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McDonnell F3H Demon "1951"

The McDonnell F3H Demon is a subsonic swept-wing United States Navy carrier-based jet fighter aircraft. The successor to the F2H Banshee, the Demon was originally designed to use the Westinghouse J40 engine

McDonnell F3H Demon "1951"

RoleCarrier-based all-weather interceptor
ManufacturerMcDonnell Aircraft Corporation
First flight7 August 1951
Introduction7 March 1956
Retired1964
StatusRetired
Primary userUnited States Navy
Number built519

McDonnell/Douglas

The McDonnell F3H Demon is a subsonic swept-wing United States Navy carrier-based jet fighter aircraft.

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McDonnell"1951"
F3H Demon "1951"

The McDonnell F3H Demon is a subsonic swept-wing United States Navy carrier-based jet fighter aircraft. The successor to the F2H Banshee, the Demon was originally designed to use the Westinghouse J40 engine, but had to be redesigned to accept the Allison J71 after the J40 suffered severe problems and was ultimately abandoned.[1] Though it lacked sufficient power for supersonic performance, it complemented daylight dogfighters such as the Vought F8U Crusader and Grumman F11F Tiger as an all-weather, missile-armed interceptor[2] until 1964.

Operational History

Development work began in 1949, using a swept wing from the start rather than adapting a straight-winged design as was done with the Grumman F9F Panther. A competing contract was also awarded for the delta wing Douglas F4D Skyray. The Skyray, with a top speed of 722 mph (1,162 km/h), would become the Navy’s first fighter to fly supersonic in level flight, while the Demon would never reach that level of performance. The original design work was based at its predecessor, the F2H Banshee. However, departing from its tradition of using two engines, the Demon would result in McDonnell’s only single-engined carrier-based fighter, adopting under some Navy pressure, the Westinghouse J40 engine. That engine was being promoted by the Navy for its next generation of aircraft, and was to have thrust of over 11,000 lbf (49 kN)—three times that of the engines in the F2H Banshee. It was the first swept-wing design produced by McDonnell and among the first U.S. aircraft to have missile armament.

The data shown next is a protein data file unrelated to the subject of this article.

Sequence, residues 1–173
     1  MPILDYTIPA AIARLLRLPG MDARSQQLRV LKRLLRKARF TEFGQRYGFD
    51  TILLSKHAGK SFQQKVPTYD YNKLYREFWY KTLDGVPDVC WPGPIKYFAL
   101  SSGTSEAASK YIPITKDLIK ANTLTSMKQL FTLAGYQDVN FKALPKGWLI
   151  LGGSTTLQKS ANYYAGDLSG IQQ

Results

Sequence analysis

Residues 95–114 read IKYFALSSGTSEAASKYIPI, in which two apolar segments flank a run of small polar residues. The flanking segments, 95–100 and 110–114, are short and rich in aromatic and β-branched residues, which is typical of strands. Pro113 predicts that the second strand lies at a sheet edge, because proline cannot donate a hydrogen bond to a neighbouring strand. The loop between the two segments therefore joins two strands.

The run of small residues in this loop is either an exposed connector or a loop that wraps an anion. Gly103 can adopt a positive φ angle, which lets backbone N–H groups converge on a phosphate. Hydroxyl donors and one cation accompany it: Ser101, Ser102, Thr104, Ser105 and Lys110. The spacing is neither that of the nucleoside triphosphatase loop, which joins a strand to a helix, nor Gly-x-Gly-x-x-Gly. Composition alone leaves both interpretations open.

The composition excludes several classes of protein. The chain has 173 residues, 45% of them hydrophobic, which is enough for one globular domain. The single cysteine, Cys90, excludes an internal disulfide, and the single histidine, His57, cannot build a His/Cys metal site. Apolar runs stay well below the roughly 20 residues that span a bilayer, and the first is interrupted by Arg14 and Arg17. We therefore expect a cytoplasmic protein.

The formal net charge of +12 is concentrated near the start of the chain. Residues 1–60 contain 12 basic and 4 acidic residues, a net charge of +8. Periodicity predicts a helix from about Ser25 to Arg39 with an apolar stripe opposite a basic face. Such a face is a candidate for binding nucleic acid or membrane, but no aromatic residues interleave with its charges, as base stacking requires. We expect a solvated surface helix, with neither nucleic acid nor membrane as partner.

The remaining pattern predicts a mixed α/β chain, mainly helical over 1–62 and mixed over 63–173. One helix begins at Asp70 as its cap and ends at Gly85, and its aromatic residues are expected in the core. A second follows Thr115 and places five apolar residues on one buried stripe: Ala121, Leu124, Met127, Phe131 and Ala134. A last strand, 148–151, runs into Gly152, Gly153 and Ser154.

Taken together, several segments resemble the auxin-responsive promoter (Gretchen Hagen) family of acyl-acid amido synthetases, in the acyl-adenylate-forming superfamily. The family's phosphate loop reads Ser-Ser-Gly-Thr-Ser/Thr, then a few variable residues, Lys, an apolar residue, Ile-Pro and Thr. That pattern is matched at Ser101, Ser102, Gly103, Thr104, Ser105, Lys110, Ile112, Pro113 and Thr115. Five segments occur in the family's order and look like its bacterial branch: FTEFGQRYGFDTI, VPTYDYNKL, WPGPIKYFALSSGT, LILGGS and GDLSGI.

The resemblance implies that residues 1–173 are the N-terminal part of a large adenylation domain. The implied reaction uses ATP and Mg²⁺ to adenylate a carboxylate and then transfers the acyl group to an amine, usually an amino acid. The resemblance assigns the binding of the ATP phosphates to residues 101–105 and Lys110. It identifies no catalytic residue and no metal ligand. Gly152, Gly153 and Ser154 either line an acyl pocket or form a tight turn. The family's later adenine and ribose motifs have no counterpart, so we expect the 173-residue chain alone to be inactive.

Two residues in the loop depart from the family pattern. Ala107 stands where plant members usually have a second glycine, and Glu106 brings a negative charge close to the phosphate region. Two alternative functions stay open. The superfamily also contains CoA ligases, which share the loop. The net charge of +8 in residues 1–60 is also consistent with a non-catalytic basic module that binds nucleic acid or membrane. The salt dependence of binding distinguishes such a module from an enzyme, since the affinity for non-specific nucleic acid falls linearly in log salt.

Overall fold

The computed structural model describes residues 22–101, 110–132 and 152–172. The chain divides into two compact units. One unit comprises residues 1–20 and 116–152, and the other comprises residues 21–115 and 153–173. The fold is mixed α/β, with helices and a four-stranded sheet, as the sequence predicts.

United States
 
McDonnell F3H-2 Demon at the Pima Air Museum in 2015
F3H-2M
F3H-2N

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McDonnell F3H Demon (1951) Variants

 
F-3Bs of VF-13 in 1963
 
XF3H-1
Prototype single-seat clear-weather interceptor fighter. Powered by 6,500 lbf (29 kN) (9,200 lbf (41 kN) with afterburner) Westinghouse XJ40-WE-6 engine. Two built.
F3H-1N
Initial production version. Single-seat all-weather fighter version, powered by 7,200 lbf (32 kN) (10,900 lbf (48 kN) with afterburner) J40-WE-22 engine. 58 built.
F3H
Proposed reconnaissance version of F3H-1. Never built.
F3H-2N
All-weather fighter powered by 9,500 lbf (42 kN) (14,250 lbf (63.4 kN) Allison J71-A-2 engine and equipped to carry AIM-9 Sidewinder air-to-air missiles. 239 built. Redesignated F-3C in 1962.

Specifications

Crew: 1

Length: 59 ft (18 m)

Wingspan: 35 ft 4 in (10.77 m)

Height: 14 ft 7 in (4.45 m)

Empty weight: 21,133 lb (9,586 kg)

Gross weight: 33,900 lb (15,377 kg)

Powerplant: 1 × Allison J71-A-2E afterburning turbojet engine, 9,700 lbf (43 kN) thrust dry, 14,750 lbf (65.6 kN) with afterburner

Maximum speed: 716 mph (1,152 km/h, 622 kn) at sea level 647 mph (562 kn; 1,041 km/h) at 30,000 ft (9,144 m)
Range: 1,370 mi (2,200 km, 1,190 nmi)
Endurance: 3 hours at 575 mi (500 nmi; 925 km) radius
Service ceiling: 35,050 ft (10,680 m)
Rate of climb: 12,795 ft/min (65.00 m/s)

Avionics

  • AN/APG-51A, B, and C radar

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